Linnaeus, Carl (1707–1778)

Citation metadata

Date: 2007
Encyclopedia of World Scientists, Rev. ed.
Publisher: Facts On File
Series: Facts on File Science Library
Document Type: Biography
Pages: 2
Content Level: (Level 5)

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About this Person
Born: May 23, 1707 in Rashult, Sweden
Died: January 10, 1778 in Uppsala, Sweden
Nationality: Swedish
Occupation: Naturalist
Other Names: Linnaeus, Carl; Linne, Carl von; Linne, Carl
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Linnaeus, Carl (1707–1778)

Swedish Botanist

An ambitious and tireless worker, Carl Linnaeus revolutionized botany through his introduction of the modern classification system for plants and animals. Linnaeus'ssystem of binomial nomenclature designated a generic name and a specific name for each plant. Linnaeus completed many works on botany and was a popular and inspirational university professor. A confident self-promoter, Linnaeus was also successful in gaining widespread acceptance among the scientific community for his classification system.

Born Carl von Linné on May 23, 1707, in Råshult, a town in the province of Småland, Sweden, Linnaeus developed an interest in plants at an early age. His father, Nils Linnaeus, was a country pastor and avid gardener who introduced the wonders of botany to Linnaeus. At the age of eight Linnaeus was nicknamed “the little botanist.” He entered the Latin School in a nearby city in 1716; there natural history became his favorite subject. Though Lin-naeus was an average student, his enthusiasm for learning about plants was unsurpassed.

In 1727 Linnaeus entered the University of Lund and began medical studies. A year later he transferred to the University of Uppsala to continue his studies. Influenced by the botanist Olof Celsius to pursue botanical studies, Lin-naeus began to investigate the recently proposed theory that plants showed evidence of sexuality. By 1730 Linnaeus had started forming a categorization system based on the stamens Page 457  |  Top of Articleand pistils of plants. Also that year Linnaeus became a lecturer in botany. Two years later he traveled to Lapland to conduct explorations for the Uppsala Academy of Sciences. There he found 100 new species of plants.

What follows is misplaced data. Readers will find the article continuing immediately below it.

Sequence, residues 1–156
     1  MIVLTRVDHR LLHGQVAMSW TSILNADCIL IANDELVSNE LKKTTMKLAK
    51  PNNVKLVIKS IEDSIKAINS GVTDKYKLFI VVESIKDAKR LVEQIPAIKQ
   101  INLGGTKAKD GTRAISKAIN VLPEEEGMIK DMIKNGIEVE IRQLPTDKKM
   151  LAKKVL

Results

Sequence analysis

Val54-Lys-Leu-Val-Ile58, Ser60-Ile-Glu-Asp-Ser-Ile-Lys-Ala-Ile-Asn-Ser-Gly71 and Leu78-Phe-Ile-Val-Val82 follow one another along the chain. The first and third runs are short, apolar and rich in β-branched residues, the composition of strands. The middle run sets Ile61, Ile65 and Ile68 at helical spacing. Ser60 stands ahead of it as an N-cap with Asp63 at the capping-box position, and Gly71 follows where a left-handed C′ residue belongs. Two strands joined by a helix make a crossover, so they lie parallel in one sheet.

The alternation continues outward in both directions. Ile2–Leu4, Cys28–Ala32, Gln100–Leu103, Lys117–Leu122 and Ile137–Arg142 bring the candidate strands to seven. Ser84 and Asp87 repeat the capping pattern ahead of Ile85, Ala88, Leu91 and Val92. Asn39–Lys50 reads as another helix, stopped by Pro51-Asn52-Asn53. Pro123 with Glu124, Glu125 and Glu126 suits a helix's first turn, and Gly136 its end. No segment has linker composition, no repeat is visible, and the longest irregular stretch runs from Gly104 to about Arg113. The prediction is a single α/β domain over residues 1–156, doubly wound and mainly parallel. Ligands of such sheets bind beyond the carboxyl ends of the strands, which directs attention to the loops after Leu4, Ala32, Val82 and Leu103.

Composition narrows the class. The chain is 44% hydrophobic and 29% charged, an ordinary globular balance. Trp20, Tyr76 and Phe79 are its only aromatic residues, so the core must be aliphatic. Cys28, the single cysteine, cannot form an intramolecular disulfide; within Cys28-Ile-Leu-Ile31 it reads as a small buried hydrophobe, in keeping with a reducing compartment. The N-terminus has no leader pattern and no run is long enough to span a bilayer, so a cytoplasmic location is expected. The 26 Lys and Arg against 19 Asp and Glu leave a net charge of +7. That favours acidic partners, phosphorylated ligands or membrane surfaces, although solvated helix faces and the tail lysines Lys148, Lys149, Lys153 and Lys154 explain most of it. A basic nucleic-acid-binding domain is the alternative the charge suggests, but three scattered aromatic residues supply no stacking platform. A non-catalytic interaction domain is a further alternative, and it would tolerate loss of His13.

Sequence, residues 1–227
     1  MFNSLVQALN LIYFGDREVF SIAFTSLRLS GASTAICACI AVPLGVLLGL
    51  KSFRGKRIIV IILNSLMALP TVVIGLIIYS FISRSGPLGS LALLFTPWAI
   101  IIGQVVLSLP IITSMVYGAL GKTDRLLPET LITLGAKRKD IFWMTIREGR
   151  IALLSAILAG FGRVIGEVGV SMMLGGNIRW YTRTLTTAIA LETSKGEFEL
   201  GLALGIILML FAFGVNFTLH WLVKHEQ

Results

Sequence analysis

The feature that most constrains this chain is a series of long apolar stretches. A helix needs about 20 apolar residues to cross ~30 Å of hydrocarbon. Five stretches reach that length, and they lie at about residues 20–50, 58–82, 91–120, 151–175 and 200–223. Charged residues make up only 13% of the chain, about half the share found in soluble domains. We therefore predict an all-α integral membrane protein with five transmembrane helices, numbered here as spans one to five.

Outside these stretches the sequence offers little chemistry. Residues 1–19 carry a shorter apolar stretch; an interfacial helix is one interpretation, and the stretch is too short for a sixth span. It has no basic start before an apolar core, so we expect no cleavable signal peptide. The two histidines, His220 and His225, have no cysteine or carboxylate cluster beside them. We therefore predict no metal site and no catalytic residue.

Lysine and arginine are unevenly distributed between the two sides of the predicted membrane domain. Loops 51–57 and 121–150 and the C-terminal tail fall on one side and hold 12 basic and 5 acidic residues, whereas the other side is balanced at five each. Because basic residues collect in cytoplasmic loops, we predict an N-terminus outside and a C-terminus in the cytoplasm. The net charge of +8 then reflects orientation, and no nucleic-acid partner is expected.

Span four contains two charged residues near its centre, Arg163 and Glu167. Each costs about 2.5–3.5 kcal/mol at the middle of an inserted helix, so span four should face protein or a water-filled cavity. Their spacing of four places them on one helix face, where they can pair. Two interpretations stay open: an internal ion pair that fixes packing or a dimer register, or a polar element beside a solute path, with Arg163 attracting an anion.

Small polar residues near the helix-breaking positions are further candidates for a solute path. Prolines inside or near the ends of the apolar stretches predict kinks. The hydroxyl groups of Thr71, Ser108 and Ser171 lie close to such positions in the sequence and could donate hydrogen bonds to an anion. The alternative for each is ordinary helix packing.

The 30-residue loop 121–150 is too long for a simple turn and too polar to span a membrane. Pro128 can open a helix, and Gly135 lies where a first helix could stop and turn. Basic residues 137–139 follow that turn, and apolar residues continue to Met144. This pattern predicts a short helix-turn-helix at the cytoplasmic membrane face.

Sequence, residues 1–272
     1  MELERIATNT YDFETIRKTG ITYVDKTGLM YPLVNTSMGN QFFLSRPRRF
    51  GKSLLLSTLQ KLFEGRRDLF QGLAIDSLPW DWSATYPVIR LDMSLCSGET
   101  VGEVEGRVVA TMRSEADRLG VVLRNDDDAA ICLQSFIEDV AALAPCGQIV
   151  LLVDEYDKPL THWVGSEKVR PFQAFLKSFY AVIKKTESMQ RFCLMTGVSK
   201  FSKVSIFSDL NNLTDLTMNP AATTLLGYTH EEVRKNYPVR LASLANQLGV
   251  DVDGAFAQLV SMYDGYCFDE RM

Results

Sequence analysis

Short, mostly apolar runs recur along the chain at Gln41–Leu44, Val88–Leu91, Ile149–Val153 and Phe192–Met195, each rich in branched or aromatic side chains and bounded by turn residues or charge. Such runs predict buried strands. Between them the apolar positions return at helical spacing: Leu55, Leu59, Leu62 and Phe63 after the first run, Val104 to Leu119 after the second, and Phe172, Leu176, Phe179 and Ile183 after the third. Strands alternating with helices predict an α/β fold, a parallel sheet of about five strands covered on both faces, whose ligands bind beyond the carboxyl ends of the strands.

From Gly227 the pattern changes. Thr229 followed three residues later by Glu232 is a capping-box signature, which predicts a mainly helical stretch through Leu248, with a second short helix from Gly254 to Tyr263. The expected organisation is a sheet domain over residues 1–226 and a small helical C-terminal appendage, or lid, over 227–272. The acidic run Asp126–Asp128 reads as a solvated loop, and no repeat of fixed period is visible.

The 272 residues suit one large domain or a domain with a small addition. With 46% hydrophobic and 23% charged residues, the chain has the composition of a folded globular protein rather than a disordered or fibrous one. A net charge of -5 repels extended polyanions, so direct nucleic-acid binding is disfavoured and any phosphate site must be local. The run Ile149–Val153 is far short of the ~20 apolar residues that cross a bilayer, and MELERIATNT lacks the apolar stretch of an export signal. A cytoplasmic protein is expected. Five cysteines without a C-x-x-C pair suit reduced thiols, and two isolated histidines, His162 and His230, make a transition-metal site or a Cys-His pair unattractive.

Carl Linnaeus, whose classification system for plants and animals revolutionized botany Carl Linnaeus, whose classification system for plants and animals revolutionized botany Smith Collection, Rare Book & Manuscript Library, University of Pennsylvania

After traveling through parts of Europe from 1733 to 1735, Linnaeus settled in Holland and published The System of Nature, his first major work. In it he presented a systematic arrangement of the animal, plant, and mineral kingdoms. He categorized whales as mammals and acknowledged humans' similarity to apes. Linnaeus also introduced a basic system of plant nomenclature. Flowering plants were separated into classes according to the number of stamens, then subdivided into orders based on the number of pistils. Because this system was based primarily on sexual characteristics of plants, it did not fully express the natural relationships between plants. The system was successful, however, in its simplicity and ease of application, and thus it was widely used. As a result of this work and a number of other publications, Linnaeus had gained a solid reputation.

Linnaeus continued his travels from 1736 to 1738, visiting physicians and botanists around Europe. In 1738 he opened a medical practice in Stockholm. In 1741 he was appointed to the chair of medicine at the University of Uppsala, only to trade it for the chair of botany a year later. Linnaeus devoted himself to teaching and writing, and in 1753 he published his seminal work, Species of Plants, which detailed the system of binomial nomenclature that he had introduced in 1749. The system assigned each plant a Latin or latinized name of two sections: The first name represented the genus, and the second indicated a specific name. For instance, Juglans regia was the name of the English walnut, Juglans referring to walnut and regia specifying that the walnut was the English walnut. Juglans nigra was the black walnut, as nigra means “black.” Until the advent of Linnaeus's system, scientific plant names consisted solely of a Latin description of the plant's distinctive features.

Linnaeus's innovative classification system provided the foundation for modern nomenclature. A popular and captivating instructor, he inspired many of his students to travel around the world in search of plant specimens. Lin-naeus married Sara Moraea in 1739. His manuscripts and collections are preserved by London's Linnaean Society.

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Gale Document Number: GALE|CX4065100557